“We’re roughly between 10,500 and 11,000 students at the university and we need to raise that,” Lambert said.

Lambert said he would work closely with the new UI president, whom he hopes will retain the presidency long-term.

“When I become mayor, I plan on working closely with the new university president because whoever that person is has to be on board with what we’re doing as he’s seeing (to) the university,” Lambert said. “And hopefully whoever the board of regents selects will be a long-term person and not somebody that’s been here one or two years and they’re gone, because we need to have somebody that’s got their dog in the fight to make the thing work.”

Lambert said he offers an alternative to current leadership.

“Do you want it to be the way it’s been for the last eight or 10 years, or do you want it to change?” Lambert said. “Because, what we’ve got is what you’re going to get in the future.”

Lambert said he is straightforward and very optimistic about the City of Moscow, the university and the upcoming elections.

“I’m a real blunt guy. I don’t beat around the bush, I call it as I see it. That’s the type of guy I am,” Lambert said. “We’ve got a terrific opportunity in front of us if we run the ball … it can be done, and I’m very, very optimistic. I will make it happen.”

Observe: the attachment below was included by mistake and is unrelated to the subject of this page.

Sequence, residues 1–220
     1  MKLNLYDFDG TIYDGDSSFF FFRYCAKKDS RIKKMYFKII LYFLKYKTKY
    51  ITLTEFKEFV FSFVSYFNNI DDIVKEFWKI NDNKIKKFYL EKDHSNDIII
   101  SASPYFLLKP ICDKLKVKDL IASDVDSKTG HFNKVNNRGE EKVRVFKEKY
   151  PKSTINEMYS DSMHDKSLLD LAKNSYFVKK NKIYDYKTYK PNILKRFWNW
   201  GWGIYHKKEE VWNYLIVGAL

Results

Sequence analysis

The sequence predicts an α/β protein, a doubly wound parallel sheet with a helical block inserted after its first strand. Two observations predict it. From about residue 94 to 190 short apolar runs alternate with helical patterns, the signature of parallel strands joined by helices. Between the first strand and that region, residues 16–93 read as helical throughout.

Nancy Chaney

Chaney was elected mayor in 2005 and has held the position since. She said there are currently no major issues to deal with in Moscow.

“Well, I can tell you when I go door-to-door and I ask people what are their issues, do they have concerns to share with me, they say life’s pretty good,” Chaney said. “So, there aren’t major issues around here.”

Chaney said she realizes the economy is a hot topic, but there are certain other things to watch out for.

“So jobs and the economy are on everybody’s minds, but long-term I think we absolutely have to look at basin-wide management of our shared water resource,” Chaney said. “We need to start now before it becomes a critical situation, as you see water wars starting around the United States, as they have been around the world. We’re not there yet. We have somewhat the luxury of being able to plan for the long range, and Moscow is a leader in trying to do that as we look at the prospect of surface water containment and a reservoir or series of reservoirs that would augment the groundwater supply.”